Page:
The year’s shortest days are upon us, as are the mix of holidays tied to them — all reflecting in some way a desire to shed light in darkness. These days, more and more of that light is shed via LED, cooler and more energy-efficient than the incandescent technology that revolutionized the world beginning in the late 19th century.

An LED — light-emitting diode — is a solid-state technology that produces light via a pairing of negatively and positively charged semiconductor materials. The interaction of electrons when exposed to electrical current releases light as photons.

The light-emitting result of applying voltage to carborundum (silicon carbide) crystal was noticed at Marconi Labs more than 100 years ago, but light-emitting diodes of various colors did not emerge as electronic components until the 1960s and ‘70s, too expensive for broader commercial use. As high-intensity white LED lights became more affordable, they were used in utilitarian applications, such as flashlights. But in this century, LEDs, now brighter and whiter, are beginning to offer an alternative to incandescent lighting in almost every setting.

The revolution can be spotted in the holiday lighting aisle, as more and more Christmas light strings boast LED bulbs. And at the Center for Furniture Craftsmanship’s Messler Gallery, a hint at what the technology is bringing to lighting design is on view through Jan. 3.

“Most of the shows are obviously furniture, so lighting is a little bit different for us,” said Messler Gallery Manager Victoria Allport in mid-December. “There’s such an interest now from our students, though, to do lighting, now that the LED technology has taken away the heat.”

It’s true; the typical incandescent lightbulb found in residential and commercial fixtures converts less than 5 percent of the energy it uses into visible light; the rest becomes heat. LEDs, which use at least 75 percent less energy, produce little heat … which means many more materials are options for design, including the one that has inspired the Center for Furniture Craftsmanship — website — for 25 years.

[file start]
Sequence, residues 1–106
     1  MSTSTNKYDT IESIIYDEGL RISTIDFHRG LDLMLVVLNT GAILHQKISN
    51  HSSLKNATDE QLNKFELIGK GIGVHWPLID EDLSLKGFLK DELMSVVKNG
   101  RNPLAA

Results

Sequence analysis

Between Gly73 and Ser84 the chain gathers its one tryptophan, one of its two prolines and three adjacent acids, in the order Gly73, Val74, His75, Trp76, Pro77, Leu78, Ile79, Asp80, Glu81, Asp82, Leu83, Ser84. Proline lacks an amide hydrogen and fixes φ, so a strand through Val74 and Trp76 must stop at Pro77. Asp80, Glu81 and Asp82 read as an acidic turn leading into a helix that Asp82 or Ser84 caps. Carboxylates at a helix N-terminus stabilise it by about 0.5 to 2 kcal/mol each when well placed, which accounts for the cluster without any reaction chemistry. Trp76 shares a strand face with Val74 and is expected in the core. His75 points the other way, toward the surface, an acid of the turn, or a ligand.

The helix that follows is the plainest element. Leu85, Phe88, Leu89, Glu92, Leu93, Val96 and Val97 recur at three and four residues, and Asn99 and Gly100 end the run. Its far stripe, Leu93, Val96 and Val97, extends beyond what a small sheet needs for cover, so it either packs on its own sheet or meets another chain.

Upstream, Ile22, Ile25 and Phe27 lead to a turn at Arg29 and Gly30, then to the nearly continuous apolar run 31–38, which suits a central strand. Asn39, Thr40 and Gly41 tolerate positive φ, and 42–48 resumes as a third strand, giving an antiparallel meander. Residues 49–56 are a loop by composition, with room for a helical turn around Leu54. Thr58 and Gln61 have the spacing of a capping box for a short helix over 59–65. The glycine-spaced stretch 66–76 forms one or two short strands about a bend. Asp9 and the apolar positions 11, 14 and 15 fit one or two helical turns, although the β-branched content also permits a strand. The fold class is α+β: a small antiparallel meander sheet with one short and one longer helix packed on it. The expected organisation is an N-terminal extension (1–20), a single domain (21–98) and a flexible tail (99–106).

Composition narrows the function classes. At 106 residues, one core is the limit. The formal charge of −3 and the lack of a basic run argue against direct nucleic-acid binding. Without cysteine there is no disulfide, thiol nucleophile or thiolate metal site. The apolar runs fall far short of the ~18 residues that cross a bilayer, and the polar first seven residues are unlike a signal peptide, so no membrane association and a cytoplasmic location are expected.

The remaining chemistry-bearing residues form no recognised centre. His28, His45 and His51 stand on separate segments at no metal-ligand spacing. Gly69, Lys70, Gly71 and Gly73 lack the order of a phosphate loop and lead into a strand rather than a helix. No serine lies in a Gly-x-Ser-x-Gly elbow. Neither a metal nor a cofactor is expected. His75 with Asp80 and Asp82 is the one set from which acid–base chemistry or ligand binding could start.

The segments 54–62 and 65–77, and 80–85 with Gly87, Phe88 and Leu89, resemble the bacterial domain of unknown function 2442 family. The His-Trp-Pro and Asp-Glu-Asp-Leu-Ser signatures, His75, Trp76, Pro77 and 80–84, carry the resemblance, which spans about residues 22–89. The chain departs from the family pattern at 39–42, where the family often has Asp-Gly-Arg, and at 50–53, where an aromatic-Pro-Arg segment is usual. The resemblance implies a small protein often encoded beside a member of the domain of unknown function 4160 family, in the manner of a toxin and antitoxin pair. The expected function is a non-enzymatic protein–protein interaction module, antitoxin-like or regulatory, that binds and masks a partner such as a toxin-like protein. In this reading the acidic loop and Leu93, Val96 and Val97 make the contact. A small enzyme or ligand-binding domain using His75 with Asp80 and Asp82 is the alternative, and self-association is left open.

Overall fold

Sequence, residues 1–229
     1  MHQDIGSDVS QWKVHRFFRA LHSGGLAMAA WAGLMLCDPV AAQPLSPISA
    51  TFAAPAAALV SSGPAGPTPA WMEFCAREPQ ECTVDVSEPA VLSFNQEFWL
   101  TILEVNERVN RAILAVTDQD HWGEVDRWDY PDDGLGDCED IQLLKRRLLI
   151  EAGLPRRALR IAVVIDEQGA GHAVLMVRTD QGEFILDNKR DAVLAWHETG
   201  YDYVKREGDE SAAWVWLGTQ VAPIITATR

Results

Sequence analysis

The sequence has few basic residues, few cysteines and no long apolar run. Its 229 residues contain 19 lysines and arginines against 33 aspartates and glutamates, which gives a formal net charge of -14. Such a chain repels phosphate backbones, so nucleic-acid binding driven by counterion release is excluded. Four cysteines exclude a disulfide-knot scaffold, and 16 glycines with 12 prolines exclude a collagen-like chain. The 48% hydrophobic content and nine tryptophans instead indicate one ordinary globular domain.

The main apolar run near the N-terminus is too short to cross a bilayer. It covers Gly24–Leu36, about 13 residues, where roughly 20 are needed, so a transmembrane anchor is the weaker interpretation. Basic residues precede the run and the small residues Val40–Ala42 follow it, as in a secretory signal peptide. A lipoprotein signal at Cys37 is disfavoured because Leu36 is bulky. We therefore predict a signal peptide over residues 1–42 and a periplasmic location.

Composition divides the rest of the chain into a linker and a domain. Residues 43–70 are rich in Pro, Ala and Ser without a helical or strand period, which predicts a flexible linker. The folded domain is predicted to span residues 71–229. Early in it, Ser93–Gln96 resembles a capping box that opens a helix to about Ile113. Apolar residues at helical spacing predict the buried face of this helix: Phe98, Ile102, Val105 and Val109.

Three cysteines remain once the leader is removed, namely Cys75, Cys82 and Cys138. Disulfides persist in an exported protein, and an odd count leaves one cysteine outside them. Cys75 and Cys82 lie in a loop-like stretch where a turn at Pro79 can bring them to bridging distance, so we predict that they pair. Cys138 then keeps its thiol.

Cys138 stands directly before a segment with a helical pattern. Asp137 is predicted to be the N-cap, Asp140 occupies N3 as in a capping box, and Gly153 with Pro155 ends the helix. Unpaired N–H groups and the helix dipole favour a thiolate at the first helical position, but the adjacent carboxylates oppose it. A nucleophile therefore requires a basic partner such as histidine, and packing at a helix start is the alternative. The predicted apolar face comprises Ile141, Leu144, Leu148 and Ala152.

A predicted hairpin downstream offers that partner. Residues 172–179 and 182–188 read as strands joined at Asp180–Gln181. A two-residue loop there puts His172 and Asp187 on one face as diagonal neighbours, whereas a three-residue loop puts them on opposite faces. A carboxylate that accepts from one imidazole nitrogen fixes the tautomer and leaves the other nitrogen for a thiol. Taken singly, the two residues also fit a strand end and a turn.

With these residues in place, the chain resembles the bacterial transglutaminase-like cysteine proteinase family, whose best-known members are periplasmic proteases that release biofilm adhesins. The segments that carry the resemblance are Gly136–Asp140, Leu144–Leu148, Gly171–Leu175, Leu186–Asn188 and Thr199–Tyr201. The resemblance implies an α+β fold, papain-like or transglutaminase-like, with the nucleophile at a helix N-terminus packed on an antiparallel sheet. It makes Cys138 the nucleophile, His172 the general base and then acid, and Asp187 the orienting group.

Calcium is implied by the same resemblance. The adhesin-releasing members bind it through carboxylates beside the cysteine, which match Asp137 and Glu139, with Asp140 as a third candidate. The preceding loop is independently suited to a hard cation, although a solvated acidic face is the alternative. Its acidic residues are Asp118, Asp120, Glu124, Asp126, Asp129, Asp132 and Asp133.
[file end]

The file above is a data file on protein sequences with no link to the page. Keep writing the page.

“Wood used to be off-limits for lighting, and now it’s not. So we wanted to take a look at who is doing what with lighting design using primarily wood,” said Allport.

The result is “Contemporary Wood Lighting,” a group show curated by American light design luminary Christopher Poehlmann. It showcases work by 23 contemporary designers and makers, ranging from functional products to conceptual sculpture.

The show’s exhibits come from six countries — “there would be seven, but we couldn’t get the light from Italy through customs in time,” Allport said. More than half the designers are women, quite unusual in the furniture world; and one of them is from Maine.

“It happened sort of organically,” said Allport of the show’s distaff leaning and of the inclusion of Stonington’s Julie Morringello.

“And I don’t think he was trying to get ‘a Maine person,’ but she was included because she’s of the caliber to be in the show. She actually teaches here,” said Allport.

Poehlmann’s contribution, including a comprehensive essay in the show’s online catalog, resulted from his connection to Center founder and Director Peter Korn. One of the curator’s picks gave Korn pause.

“This is just sculptural,” said Allport of Shana McCaw & Brent Budsberg’s “On Oak and Maple.” It’s more of a commentary, though I’m not sure what it’s saying. Peter’s more of a purist and said, 'it’s not a light!'"